Spiritual Warfare & The Paranormal: Thinking Objectively - UFO Crash in the Sea?

Video from Professor Simon Holland

"In 2014 an interstellar object arrived from a distant solar system, entered the earths atmosphere and crashed in the Pacific. the USAF confirms it is a an alien visitor. Avi Loeb wants the object recovered. to faint out, if it is a rock, or a piece of alien technology? Prof Simon investigates." from video introduction

In February 1954 Albert Einstein wrote a letter to the physicist David Bohm, in which he stated: “If God created the world, his primary concern was certainly not to make its understanding easy for us.”

As Christians, co-regents in God's Creation, even though we are marred by sin still seek to understand where God has placed us. The mysteries of our bodies, minds and the universe around us far exceed our cognitive ability to fully understand.

Perhaps someday, after death we may have a conversation with our Lord in which these questions might be answered. In the mean time we ask questions, we analyze and extrapolate using the gifts God has given us. - Andy


"Albert Einstein famously argued in a letter to the physicist Max Born in December 1926 that God does not play dice. The letter referred to the probabilistic nature of Quantum Mechanics but it can also be interpreted more broadly as if nature does not make random choices.

In fact, it is the duty of a scientist to make sense of nature’s choices. Otherwise, reality looks random to those who do not understand it. Weather was perceived this way before satellite and ground-based data allowed modern science to make weather forecasts a week in advance. As an advanced scientific civilization, the fundamental insight we learned is that we should be guided by evidence rather than prejudice. As often imagined in mathematics or science fiction stories, the range of possibilities is far greater and sometimes has no overlap with what is actually realized in nature...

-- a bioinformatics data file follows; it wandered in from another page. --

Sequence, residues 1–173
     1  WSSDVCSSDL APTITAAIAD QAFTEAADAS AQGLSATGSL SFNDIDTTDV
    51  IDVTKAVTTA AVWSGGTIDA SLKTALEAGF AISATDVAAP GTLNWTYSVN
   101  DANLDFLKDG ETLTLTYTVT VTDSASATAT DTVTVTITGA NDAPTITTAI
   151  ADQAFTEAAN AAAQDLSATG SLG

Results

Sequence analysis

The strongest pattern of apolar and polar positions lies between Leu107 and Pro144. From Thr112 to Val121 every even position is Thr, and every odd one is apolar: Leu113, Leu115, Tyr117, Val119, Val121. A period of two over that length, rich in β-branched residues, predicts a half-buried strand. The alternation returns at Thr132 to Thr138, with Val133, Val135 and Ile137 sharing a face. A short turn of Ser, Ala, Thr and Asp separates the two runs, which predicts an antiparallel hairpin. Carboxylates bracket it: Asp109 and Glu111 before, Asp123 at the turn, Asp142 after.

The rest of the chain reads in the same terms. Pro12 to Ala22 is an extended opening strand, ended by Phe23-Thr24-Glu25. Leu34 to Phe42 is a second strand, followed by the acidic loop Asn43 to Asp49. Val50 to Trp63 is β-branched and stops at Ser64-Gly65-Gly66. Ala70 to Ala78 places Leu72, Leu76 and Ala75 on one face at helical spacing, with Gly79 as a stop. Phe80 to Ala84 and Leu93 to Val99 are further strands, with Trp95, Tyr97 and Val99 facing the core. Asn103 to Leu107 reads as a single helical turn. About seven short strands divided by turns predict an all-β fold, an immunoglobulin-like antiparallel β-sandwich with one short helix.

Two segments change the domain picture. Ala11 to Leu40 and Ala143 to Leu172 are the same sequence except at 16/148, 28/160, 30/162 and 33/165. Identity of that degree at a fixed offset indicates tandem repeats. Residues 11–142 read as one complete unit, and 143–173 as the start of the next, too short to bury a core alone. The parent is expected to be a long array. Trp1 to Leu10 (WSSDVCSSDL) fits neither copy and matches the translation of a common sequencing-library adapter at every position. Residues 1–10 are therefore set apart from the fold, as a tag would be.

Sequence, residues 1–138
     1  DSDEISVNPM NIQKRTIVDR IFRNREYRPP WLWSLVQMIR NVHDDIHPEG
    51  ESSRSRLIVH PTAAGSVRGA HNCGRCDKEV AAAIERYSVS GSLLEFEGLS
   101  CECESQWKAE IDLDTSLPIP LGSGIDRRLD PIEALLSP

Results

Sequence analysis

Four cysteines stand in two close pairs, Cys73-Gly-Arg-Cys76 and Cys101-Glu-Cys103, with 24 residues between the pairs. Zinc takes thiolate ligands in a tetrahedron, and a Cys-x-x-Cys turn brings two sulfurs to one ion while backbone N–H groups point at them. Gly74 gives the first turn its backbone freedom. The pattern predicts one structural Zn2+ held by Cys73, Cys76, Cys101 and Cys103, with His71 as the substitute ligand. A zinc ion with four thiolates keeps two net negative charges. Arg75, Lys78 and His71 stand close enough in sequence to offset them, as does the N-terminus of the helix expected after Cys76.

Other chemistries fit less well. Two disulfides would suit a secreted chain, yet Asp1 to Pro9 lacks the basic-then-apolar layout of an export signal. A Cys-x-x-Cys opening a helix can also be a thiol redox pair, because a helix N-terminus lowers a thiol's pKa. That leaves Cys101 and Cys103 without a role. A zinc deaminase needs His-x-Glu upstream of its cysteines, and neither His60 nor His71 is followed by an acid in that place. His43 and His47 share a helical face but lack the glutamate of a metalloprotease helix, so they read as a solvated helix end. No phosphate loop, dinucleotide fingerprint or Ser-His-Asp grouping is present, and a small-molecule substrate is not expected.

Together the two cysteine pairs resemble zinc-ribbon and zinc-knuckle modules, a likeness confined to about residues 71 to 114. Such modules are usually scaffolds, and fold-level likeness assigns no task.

The debris from CNEOS-2014-01-08 landed on the ocean floor near Papua New Guinea and it is possible to scoop them with a magnet. Once collected, we could place our hands around sizeable chunks of interstellar matter and examine its composition and nature. The ocean on site is a couple of kilometers deep, and the impact region is uncertain to within ten kilometers. But an expedition to explore this region for meteor fragments is feasible, and we are currently engaged in designing it.

The fundamental question is whether any interstellar meteor might indicate a composition that is unambiguously artificial in origin? Better still, perhaps some technological components would survive the impact. My dream is to press some buttons on a functional piece of equipment that was manufactured outside of Earth." from the article: SCOOPING INTERSTELLAR FRAGMENTS FROM THE OCEAN FLOOR


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